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Meet Amba: The Funkiest Jewish Condiment

There are no limits to this tongue-tingling mango pickle.

If you’ve ever ordered a falafel and wondered what the funky, yellowish-orange liquid in the squeeze bottle next to the tahini is, you’re not alone. For years, I would dismiss the condiment out of fear and ignorance. Just the sight of it got my tongue tingling. One day, I decided to face my fears and dive headfirst into the amba pool. Since then, I’ve been championing the Baghdadi mango condiment and speaking its praises to any audience I can find. 

It Takes Two to Amba

Amba, a savory mixture of fenugreek, vinegar, turmeric and mango, is as contentious as it is mouthwatering. According to legend, the condiment was invented in the late 19th century by members of the Sassoons, a wealthy Iraqi Jewish family residing in Bombay who became fascinated by India’s mango chutneys. 

Wanting to share their discovery with their community back home in Iraq, who had never seen mangoes before, they decided to send barrels of them soaked in vinegar. Upon arrival in Basra, Iraq, the barrels full of pickled mangoes were greeted with skepticism. Ultimately, good taste prevailed, and amba became a national staple in Iraq. It’s often used to top seafood platters, and if you visit Baghdad’s Abou Al-Nawas Street you’re to find one of the city’s most famous dishes: wood-grilled Masghouf (Tigris trout) coated with amba. 

While the condiment pays homage to its roots (amba means “mango” in Marathi — the language spoken in the Indian state of Maharashtra), it differs from Indian mango chutneys in numerous ways. Notably, amba uses unripe, green mangoes, which make for a tangier flavor than its sweet Indian counterparts. 

DOA: Delicious Upon Arrival

Upon their immigration to Israel in the 1950s, Iraqi Jewry brought their prized sauce with them. Amba had traditionally played a large role in traditional Iraqi Jewish Shabbat breakfast, where it balanced the rich fried eggplant and slow-cooked eggs that made up some of the spread. In Israel, this breakfast was packed into a pita to be eaten on-the-go, anytime. This sandwich, called sabich, has become one of the country’s most popular street foods. 

Amba is also ever-present in other popular street food, like falafel and shawarma, where its tartness provides the perfect compliment for juicy meat and crispy fried falafel. My personal favorite use for it is as a ketchup substitute over French fries. 

But, really, there’s no limit to amba’s role in the Israel kitchen.

Israeli celebrity chef Meir Adoni told Haaretz, “We use amba as a spice and as a raw material for all purposes, just like soy and ginger. Amba is the Middle Eastern equivalent of umami. It’s all because of the hilbeh (fenugreek paste), which creates a crazy mixture of emotions and flavors. It’s addictive, and for me, it’s one of the flavors that are identified with who we are in the Middle East.”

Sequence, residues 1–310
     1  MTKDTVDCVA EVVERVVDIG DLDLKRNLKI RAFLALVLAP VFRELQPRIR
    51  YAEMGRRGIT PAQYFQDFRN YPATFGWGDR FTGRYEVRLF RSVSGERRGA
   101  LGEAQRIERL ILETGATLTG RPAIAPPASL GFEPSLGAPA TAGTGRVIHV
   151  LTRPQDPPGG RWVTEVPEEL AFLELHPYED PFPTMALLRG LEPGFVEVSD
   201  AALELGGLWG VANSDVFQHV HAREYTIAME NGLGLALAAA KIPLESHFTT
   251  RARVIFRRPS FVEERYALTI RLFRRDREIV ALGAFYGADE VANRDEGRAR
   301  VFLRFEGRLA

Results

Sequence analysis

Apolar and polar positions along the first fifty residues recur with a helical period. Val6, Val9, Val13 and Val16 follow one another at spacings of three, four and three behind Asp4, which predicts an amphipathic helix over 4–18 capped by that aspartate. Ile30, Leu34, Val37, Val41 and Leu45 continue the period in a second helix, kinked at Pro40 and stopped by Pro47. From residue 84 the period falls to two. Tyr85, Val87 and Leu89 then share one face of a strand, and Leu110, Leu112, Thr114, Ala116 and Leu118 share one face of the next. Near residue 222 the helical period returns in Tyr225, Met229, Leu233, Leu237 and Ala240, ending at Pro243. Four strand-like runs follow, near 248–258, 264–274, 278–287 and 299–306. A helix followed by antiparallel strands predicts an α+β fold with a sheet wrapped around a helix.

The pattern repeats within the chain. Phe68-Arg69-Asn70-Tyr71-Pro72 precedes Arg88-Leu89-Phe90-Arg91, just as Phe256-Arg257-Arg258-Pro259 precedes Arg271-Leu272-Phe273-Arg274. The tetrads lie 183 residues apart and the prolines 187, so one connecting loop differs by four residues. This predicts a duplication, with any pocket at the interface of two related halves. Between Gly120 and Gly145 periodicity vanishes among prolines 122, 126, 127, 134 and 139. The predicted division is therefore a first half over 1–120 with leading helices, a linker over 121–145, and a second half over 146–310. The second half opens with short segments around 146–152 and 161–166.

During the 1991 Gulf War, Israeli soldiers would joke that when Iraqi leader Saddam Hussein fired missiles at Iraqi Jewish neighborhoods, he was using amba-seeking missiles. Which actually might be a good way to find falafel stands worth their salt. 

La Amba

Nowadays, you can find amba anywhere from your local shawarma shop to being elevated in fine dining establishments worldwide. (You can even make it at home or pick it up at Trader Joe’s.)

To understand how amba transitioned from street food fare to fine dining, we need to realize just how unique a flavor amba is. 

Asaf Granit, the Gordon Ramsay of Israeli cooking, explains what makes the condiment so culturally significant: “Amba is a very precise indicator of our cuisine in Israel. Nearly everything we call modern Israeli cuisine is a result of crossing one boundary or another. This refers to different waves of immigration, different neighborhoods in major cities, and to different communities. There are many such influences that create dishes or specific food cultures, and amba is an amazing example of this. Here in Israel, it took root mainly as a spice for grilled internal organs (liver or Jerusalem mixed grill), beyond its home use as a paste. The wider public recognizes it as a flavor, as a kind of umami. It enhances everything with its intensity.”

Amba has become an integral part of Israeli society; it even made a mark in pop culture with The TeaPacks’ 2003 hit “Rikudei Amba,” meaning “Pickled Mango Dances.” So, next time you order a sabich or falafel, don’t skip out on the amba. It might have you dancing all the way home with its electrifying umami flavors.

If you’d like to make amba at home, try out our recipe.

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